BAQAA REFUGEE CAMP, JORDANIt is the first day of Eid al-Adha, the most important Muslim festival, and the refugee camp is like a war zone. Little Palestinian boys scramble over mud-brick walls and crouch behind cement trucks, aiming shiny rifles at each other and yelling slogans of jihad. Though these are only toys, for some the only toys they own, their sentiments are very real. Abdullah Mohammed al-Wardi, a 9-year-old wearing a "Rugby Classic" shirt, clutches his new plastic Kalashnikov, an Eid present from his father. He smiles shyly but answers questions without hesitation. "Do you know about America?" "Yes, they are Jews." "Do you like them?" "No." "Why?" "They kill Palestinians."
Around a corner, down a potholed street slick with mud, another group of boys plays a game, waving their guns in the air jubilantly. They are fighting with Saddam Hussein, against America. When a visitor takes their picture, they flash the V-for-victory sign with their fingers and yell, "Palestine lives!"
These young Jordanians of Palestinian descent are indeed stuck between Iraq and a hard place. This is one of the most westernized countries of the Arab world, run by a king whose English, many complain, is better than his Arabic. Yet sympathy to the Palestinian cause and its anti-American corollary runs deep, especially among those under 30, who make up 70 percent of the country (a demographic similar to that of other Arab countries). For them, American aggression against their neighbor Iraq is just the latest evidence that Americaand Israelwant to exert control over the region, country by country. The administration of King Abdullah realizes just how important this population is, and how much is at risk because of its rising frustration. To this end, the "Jordan First" campaign, begun last fall, aims at ensuring young Jordanians, especially, that their government will look out for their interests first. "We have to win over the young people," says Bassem Awadallah, the minister of planning, "because they can easily be lost."
It does not look as if the campaign has been succeeding. The young residents of Baqaa camp are, granted, some of the most disenfranchised people in the country. Most have lived there all their lives, their parents and grandparents having fled there in two waves, after the creation of Israel in 1948 and after the Arab-Israeli war in 1967. They have long felt frustrated by the plight of their people and the inability of Arab leaders to protect them. But now, they say, it is different. "America has been hated for a long time, but in the past year, as its intentions to control the Arab world became clear, the hatred has increased," says Mu'tasem Dabour, a 23-year-old construction worker with a mild gaze.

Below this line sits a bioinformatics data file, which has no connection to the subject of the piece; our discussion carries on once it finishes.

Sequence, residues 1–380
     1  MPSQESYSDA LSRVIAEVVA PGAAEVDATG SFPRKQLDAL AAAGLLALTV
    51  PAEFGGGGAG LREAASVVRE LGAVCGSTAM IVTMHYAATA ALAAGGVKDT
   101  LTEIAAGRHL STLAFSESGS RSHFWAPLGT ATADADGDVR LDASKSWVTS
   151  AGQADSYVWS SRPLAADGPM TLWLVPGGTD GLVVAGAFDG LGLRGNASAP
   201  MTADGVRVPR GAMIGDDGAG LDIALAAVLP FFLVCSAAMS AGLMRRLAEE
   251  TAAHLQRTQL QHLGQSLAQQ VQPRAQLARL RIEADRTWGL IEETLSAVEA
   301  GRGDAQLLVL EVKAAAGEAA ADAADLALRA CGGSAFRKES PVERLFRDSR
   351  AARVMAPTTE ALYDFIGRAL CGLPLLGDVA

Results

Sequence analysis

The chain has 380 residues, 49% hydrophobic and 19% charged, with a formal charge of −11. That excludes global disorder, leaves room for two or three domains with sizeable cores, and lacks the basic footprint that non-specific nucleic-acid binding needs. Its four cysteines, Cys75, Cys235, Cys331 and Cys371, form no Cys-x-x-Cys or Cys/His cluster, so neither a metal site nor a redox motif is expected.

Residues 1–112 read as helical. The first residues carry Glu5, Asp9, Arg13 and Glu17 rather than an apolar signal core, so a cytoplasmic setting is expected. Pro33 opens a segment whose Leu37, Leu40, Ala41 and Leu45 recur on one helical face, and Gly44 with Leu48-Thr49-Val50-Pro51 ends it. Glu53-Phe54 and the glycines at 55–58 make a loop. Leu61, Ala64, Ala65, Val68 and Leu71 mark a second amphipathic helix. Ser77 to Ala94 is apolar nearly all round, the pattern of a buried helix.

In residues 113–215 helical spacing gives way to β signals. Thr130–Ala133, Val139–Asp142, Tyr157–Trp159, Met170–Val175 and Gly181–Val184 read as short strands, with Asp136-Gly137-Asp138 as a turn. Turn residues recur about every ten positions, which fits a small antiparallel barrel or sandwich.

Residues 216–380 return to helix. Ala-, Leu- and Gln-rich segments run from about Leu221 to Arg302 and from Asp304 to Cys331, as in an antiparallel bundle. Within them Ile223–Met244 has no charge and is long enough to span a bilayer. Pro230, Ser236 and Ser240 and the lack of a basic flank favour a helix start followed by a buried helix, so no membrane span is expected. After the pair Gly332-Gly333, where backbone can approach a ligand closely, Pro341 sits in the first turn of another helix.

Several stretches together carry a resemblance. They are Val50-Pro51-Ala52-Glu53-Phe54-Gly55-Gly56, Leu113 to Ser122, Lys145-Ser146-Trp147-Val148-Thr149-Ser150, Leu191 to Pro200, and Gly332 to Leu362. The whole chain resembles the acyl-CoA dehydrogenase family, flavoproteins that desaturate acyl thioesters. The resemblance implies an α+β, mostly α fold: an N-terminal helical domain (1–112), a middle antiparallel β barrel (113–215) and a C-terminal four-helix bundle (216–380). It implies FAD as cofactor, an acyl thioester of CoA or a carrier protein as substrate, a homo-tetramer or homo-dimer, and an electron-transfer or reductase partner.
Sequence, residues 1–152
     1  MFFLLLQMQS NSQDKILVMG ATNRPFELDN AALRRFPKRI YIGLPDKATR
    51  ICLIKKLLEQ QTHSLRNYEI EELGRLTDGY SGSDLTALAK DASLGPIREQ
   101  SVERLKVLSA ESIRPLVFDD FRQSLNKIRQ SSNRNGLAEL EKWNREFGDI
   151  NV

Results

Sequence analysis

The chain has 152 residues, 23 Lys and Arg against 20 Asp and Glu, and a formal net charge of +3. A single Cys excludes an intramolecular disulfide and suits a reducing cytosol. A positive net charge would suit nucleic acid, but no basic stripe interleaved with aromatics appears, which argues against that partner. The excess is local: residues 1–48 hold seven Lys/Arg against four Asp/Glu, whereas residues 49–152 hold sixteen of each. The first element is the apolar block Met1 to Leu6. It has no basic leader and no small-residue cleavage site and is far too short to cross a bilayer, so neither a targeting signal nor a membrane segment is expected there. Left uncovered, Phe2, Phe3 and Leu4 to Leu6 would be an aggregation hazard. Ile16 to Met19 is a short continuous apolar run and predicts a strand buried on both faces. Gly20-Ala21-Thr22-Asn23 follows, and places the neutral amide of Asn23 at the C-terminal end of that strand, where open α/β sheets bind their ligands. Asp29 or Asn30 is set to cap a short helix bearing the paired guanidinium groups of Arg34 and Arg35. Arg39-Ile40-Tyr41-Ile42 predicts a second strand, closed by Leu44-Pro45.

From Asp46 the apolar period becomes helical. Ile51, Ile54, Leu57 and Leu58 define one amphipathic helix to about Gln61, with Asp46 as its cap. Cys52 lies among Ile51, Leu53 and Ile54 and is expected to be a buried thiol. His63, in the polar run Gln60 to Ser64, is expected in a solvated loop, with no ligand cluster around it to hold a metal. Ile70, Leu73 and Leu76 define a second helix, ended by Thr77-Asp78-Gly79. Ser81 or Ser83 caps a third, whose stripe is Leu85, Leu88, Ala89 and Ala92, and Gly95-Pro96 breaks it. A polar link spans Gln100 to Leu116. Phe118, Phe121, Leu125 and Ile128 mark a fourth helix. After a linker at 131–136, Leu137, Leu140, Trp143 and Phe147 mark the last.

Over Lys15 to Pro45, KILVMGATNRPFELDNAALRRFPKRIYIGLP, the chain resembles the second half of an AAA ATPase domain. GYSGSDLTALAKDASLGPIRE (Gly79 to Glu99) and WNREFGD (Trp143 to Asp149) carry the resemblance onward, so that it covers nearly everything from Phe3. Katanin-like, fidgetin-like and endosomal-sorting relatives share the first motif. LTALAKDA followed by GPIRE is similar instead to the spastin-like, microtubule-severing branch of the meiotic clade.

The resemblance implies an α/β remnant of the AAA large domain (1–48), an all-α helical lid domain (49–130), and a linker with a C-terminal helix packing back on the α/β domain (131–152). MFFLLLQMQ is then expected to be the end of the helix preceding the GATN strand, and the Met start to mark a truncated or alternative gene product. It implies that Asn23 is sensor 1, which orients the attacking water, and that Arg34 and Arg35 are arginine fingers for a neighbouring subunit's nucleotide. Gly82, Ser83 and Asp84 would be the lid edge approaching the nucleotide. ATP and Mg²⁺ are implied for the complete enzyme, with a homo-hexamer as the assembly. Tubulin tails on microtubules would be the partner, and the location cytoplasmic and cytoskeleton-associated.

But it is not just the disenfranchised refugees, or the other Palestinians who make up almost half the country, who feel this way. Across town, young Jordanians from affluent western Amman sit in a cafeť with brightly stenciled flowers on the wall and pizza on the menu, and express many of the same opinions. Elias Tarawneh, a 24-year-old lawyer, watches a Jennifer Love Hewitt video on MTV and talks earnestly about how he came back to Islam. "It happened over the past year, as I saw America throwing around its power, and what it was doing with Palestine and Iraq," he says, lighting up a cigarette. "Almost all my friends are the same way. We are more conscious of an identity problem. Living the American lifestyle doesn't make us happy anymore. So we searched for happiness, and we found it in Islam, in my country. We believe we should go back to our religion, our culture. That will empower us."
He and many of his upper-middle-class friends, many of whom have no ethnic connection to Palestine, have felt increasingly closer ties with Islam and the Palestinian cause. They were brought up to feel solidarity with Palestinians, but it is only now, as young adults, that they have begun to channel it into political views. Much of this sentiment has sprung up in reaction to America and Israel's perceived aggression in the region. Tarawneh's friend, a Jordanian doctor, recalls a poem they learned in the second grade, and they recite it together. "Palestine is my home, my road to victory, and a noble tune on my lips. A lot of strange faces in my land, that sell my land and occupy my home. My people will go back to where I was born."